Guess who was featured as a guest expert on with insight on how journaling can benefit children and teens? That’s right, JJC was a guest expert for the article in the link above.

“… putting thought into writing and fleshing out ideas allow the body and mind to process experiences in a way that simply thinking about them does not.”

Journaling is a powerful way to process emotions. Children and teens alike benefit from the power of journaling. One study of adults found improvement of mental distress with online journaling. Cambridge found similar benefits with expressive writing. The power in putting pen to paper (or fingers to keypad) is aligned with how therapy can help individuals. Expressing emotions, putting thought into writing, and fleshing out ideas allows body and mind to process experiences in a way that simply thinking them does not. Verbalizing is helpful, but the next best step is to physically express and emote ideas, visuals, and interpretations. This is how somatic therapy, play therapy, music therapy, and art therapy have become field norms when it comes to counseling. No longer is the expressive continuum weird, strange, or merely artistic. It makes sense that individuals have different learning styles. Would it also make sense that individuals have different healing styles? 

While you can purchase a journal with prompts, here are a few helpful starting points with no purchase necessary. Be sure to give yourself a comfortable work space and plenty of time to work.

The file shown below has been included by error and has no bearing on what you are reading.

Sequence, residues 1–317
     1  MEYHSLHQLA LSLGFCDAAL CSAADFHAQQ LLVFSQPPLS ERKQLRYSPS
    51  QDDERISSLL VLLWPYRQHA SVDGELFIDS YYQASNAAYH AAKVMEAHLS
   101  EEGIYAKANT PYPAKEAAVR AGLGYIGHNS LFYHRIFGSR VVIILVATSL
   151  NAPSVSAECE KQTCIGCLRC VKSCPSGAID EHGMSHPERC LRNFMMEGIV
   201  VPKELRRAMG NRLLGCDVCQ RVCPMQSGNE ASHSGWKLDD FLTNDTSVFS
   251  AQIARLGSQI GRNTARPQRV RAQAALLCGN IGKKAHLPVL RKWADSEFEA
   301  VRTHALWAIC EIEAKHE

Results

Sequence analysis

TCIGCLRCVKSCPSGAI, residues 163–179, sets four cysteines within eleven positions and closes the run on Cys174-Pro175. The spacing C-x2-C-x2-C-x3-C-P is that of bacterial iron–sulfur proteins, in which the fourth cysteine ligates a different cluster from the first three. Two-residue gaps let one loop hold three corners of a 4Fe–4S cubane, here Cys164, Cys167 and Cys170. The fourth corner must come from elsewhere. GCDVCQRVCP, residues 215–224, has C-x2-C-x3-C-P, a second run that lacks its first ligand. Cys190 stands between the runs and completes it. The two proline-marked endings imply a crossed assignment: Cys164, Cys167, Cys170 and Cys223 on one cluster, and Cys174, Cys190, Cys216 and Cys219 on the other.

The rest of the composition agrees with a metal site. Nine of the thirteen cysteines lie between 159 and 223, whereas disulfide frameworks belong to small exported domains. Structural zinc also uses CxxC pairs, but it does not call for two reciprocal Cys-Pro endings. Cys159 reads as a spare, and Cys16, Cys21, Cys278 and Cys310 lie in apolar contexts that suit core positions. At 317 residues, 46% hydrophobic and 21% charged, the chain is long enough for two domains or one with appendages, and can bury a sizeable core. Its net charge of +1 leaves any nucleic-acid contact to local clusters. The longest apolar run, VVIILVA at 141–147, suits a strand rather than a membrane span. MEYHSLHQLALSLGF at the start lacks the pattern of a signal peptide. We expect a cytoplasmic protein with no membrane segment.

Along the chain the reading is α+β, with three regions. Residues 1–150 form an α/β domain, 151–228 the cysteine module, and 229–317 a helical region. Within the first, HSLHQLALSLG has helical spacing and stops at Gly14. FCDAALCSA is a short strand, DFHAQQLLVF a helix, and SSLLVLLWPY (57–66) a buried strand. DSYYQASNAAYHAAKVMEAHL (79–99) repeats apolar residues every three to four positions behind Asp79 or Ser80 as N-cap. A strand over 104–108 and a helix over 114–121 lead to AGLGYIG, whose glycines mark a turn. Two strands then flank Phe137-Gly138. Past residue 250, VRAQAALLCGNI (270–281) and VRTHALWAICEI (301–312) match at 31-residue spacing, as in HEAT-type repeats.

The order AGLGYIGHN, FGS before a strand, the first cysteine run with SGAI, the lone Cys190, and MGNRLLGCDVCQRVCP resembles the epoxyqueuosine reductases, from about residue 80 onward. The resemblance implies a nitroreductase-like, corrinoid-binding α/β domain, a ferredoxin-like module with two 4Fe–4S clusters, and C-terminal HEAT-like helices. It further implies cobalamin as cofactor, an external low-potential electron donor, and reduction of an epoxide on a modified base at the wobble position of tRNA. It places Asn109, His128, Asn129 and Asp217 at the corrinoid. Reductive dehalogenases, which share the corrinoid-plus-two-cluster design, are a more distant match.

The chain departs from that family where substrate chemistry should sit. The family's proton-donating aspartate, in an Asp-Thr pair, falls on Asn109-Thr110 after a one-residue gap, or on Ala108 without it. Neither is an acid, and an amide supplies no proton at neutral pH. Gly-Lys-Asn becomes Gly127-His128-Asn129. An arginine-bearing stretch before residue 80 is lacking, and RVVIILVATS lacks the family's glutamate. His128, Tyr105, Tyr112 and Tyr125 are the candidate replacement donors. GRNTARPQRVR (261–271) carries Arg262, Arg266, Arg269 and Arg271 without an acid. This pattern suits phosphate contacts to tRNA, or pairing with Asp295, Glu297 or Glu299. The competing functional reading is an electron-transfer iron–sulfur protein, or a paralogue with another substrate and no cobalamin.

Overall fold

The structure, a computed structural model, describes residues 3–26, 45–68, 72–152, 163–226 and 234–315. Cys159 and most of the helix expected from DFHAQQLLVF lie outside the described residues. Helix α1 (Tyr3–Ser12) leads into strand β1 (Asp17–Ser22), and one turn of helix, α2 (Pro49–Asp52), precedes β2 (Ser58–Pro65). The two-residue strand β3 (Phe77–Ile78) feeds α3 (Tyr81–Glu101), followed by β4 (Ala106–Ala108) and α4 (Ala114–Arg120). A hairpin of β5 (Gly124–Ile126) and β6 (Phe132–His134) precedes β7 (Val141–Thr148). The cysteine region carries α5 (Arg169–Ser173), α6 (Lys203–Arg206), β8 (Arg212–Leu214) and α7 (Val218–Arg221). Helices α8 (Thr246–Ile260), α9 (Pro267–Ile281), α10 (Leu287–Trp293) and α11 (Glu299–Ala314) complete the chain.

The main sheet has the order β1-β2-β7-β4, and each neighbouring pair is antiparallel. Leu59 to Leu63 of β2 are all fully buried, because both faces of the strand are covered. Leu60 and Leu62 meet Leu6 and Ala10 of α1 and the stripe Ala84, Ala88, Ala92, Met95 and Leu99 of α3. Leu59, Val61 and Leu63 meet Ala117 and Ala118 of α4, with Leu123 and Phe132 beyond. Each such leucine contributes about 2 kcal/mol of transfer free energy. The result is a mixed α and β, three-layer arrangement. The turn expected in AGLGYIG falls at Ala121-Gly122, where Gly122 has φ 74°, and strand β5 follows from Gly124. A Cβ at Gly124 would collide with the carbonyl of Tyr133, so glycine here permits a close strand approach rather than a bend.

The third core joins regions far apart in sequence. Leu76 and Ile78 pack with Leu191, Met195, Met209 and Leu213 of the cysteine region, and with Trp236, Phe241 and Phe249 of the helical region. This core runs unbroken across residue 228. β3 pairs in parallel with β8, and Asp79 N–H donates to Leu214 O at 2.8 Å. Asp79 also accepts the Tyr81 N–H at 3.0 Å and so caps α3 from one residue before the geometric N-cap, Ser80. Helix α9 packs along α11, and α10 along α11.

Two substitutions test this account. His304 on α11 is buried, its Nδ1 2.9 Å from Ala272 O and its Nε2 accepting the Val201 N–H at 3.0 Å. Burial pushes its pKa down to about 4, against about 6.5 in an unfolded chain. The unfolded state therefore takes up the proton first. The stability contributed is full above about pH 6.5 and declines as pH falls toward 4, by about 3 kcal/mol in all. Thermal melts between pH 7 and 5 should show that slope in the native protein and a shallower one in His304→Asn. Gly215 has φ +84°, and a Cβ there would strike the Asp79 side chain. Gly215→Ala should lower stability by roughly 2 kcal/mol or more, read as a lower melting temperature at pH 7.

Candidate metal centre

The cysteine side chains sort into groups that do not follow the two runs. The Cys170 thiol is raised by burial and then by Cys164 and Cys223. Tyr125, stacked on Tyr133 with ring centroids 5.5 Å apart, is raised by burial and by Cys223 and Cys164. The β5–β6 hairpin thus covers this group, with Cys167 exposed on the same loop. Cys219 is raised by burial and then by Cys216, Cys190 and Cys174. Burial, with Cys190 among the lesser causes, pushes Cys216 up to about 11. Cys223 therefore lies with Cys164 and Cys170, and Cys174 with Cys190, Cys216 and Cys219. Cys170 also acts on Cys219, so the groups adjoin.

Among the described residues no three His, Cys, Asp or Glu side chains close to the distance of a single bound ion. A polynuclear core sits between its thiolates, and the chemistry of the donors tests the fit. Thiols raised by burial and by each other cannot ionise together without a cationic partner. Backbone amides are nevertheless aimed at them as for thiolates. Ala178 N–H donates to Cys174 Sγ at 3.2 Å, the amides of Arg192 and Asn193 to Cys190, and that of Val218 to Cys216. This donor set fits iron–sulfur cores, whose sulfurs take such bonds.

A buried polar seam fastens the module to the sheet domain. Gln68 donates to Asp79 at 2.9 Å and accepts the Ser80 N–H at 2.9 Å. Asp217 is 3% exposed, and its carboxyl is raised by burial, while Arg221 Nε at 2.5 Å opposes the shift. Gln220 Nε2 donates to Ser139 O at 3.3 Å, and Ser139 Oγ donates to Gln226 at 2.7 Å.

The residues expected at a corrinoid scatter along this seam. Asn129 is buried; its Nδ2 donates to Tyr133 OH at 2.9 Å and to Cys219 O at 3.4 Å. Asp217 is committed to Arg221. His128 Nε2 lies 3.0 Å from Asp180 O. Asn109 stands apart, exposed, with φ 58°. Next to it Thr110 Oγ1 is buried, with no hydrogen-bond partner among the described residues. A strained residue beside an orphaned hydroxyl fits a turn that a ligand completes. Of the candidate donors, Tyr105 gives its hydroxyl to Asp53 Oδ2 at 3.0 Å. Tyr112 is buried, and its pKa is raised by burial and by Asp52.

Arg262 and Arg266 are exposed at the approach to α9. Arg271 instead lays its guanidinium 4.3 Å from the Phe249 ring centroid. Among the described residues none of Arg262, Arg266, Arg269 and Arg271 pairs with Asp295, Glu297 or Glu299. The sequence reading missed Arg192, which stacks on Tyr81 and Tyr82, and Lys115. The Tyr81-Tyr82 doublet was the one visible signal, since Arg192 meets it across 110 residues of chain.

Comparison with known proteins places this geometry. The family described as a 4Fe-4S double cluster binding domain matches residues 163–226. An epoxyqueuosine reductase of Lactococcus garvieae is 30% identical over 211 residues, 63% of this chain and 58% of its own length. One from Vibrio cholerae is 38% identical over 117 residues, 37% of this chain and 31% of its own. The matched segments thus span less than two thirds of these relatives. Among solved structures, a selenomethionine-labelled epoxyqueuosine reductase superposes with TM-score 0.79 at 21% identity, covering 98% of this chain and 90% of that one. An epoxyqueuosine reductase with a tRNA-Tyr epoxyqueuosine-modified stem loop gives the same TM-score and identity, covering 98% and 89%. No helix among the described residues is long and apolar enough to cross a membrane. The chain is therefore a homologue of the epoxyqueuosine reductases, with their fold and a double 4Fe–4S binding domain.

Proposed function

If anger were a color, what color would it be?
If anger were a smell, what smell would it be?
If anger were an animal, what animal would it be? Why?
Draw a picture or write a story about anger.

Write about a time when you felt afraid. Can you write a new ending?

Draw a picture of what worry might look like and label its parts.
Is there a time when worry was bigger than you? What happened?
What do you wish happened? Write about it or draw a picture.

All About You
Share the story of you.
What is important to know about you?
What are your favorite things about you?
Who are important people to you? 

Write about a time when you felt lonely. What or how would you have changed?

Using journal prompts can help kids or teens focus on the work of processing big emotions. Journal prompts are a great way to help kids and teens resolve upsetting feelings.

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